The wall fixings were cut from the waste wood that came from making the headboard fixings. Their position on the wall was determined by laying the headboard down on its front and placing the wall fixings on the back of the headboard aligned in their assembled positions so that measurements could be taken and used to mark the wall (see diagram below). The 25mm horizontal gap between the side of the wall mounted fixing and the headboard mounted fixing allows for a 25mm horizontal adjustment to the left or the right.
The place on the wall where the bottom of the headboard had to be was determined and marked. Then a line was drawn above it against which the bottoms of the fixings were aligned using the distance measured on the laid out headboard as shown below. A spirit level and straight piece of wood were used to draw this line horizontally. Then the line was marked where the centre of the headboard should be. The distance between the two wall fixings was measured as they lay on the back of the headboard and halved. This measurement was then marked on the wall from the headboard centre mark, made earlier, in both directions along the horizontal line to the position of the edge of the wall fixings.
Each wall fixing had to be placed at its mark and squared up using the spirit level before pricking the wall with a thin screwdriver pushed through the holes. The wall was then drilled and plugged for the screws. The wall fixings were screwed to the walls with the aid of the spirit level and straight wood to check they were both level with each other before tightening the screws. Inaccuracies in their position could have been corrected by tapping the fixings with a hammer and a block of wood to overcome their friction with the wall before final tightening.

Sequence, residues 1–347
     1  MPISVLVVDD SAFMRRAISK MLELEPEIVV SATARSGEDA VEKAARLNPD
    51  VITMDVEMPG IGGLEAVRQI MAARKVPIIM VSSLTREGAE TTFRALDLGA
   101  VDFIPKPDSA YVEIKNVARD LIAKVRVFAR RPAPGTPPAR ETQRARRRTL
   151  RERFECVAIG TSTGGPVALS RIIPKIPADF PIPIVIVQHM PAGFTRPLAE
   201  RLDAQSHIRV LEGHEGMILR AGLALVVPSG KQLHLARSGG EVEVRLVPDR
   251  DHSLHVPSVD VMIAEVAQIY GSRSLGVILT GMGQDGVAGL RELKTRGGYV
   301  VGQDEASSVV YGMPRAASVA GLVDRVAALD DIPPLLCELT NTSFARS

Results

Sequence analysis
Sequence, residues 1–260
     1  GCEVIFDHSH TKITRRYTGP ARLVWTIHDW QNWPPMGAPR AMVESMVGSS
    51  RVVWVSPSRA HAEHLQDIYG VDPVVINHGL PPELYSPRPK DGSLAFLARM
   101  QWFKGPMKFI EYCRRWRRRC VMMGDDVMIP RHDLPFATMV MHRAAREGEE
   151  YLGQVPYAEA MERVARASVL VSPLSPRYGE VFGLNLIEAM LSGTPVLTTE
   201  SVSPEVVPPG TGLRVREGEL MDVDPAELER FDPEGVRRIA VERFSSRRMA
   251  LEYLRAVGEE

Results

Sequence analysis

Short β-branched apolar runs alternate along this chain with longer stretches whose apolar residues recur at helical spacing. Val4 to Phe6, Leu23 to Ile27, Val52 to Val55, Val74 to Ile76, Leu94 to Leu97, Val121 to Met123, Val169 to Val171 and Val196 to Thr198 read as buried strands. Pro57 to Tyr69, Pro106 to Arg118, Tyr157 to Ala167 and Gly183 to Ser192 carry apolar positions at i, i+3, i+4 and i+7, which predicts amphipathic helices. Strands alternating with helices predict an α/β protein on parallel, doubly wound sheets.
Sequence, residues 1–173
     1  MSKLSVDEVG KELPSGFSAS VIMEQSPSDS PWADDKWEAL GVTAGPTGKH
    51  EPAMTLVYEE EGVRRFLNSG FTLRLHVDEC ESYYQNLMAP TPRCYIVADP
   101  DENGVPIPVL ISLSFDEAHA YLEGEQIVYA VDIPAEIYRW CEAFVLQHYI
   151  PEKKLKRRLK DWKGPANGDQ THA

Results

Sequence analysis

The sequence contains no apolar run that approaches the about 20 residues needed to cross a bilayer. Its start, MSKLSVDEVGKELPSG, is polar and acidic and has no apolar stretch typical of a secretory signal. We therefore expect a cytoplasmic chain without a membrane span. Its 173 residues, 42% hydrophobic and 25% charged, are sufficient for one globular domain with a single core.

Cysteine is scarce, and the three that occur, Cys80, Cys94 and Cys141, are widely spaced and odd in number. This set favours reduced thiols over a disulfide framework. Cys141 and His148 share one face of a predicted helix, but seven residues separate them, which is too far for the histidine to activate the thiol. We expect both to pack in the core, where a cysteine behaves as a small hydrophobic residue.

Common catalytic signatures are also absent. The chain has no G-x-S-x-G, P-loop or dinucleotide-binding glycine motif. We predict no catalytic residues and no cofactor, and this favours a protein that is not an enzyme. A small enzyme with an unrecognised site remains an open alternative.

When drilling masonry the drill bit can wander about moving the hole away from the desired position. If a cross larger than the diameter of the drill bit is marked with a pencil over the prick in the wall, the drill operator can see when the bit wanders relative to the cross and apply sideways force on the drill in an attempt to correct it, or at least abandon drilling to consider the problem further.
If the bed is not in the way one person can ledge the headboard onto the wall fixings. Otherwise use one person on each side of the bed. It can be picked up and moved left or right, or just slid, until it is centralised.
Design Features of The Headboard Wall Fixings
The headboard can be adjusted horizontally by +/-25mm.
These fixings utilized the headboard manufacturers embedded fixing nuts. So no new holes had to be drilled into the headboard. In particular this method didn’t require holes which pass all the way through the headboard making bolt heads visible.
Even though the headboard can be put in place or removed with little effort it cannot easily be pushed or pulled to or from the wall. Refer to the diagram below. The top of the Headboard can only be pushed towards the wall if point B of the Headboard Fixing slides up towards point C of the Wall Fixing whilst the Headboard Fixing pivots at point A where it touches the wall. This will only happen if the force applied is sufficient to lift the Headboard up. Similarly the top of the Headboard can only be pulled away from the wall if point B of the Headboard Fixing slides up towards point C of the Wall Fixing whilst the Headboard Fixing pivots at point D where it touches the wall. Again this will only happen if the force applied is sufficient to lift the Headboard up.
I haven’t treated my fixings with any paint or varnish mainly because:
- They aren’t visible.
- I don’t want their glossy clean painted surface to stick to the wall or the headboard.
- I don’t want the two parts of any fixing to stick to each other.
These are points to bear in mind by anyone considering treating wooden fixings of this type.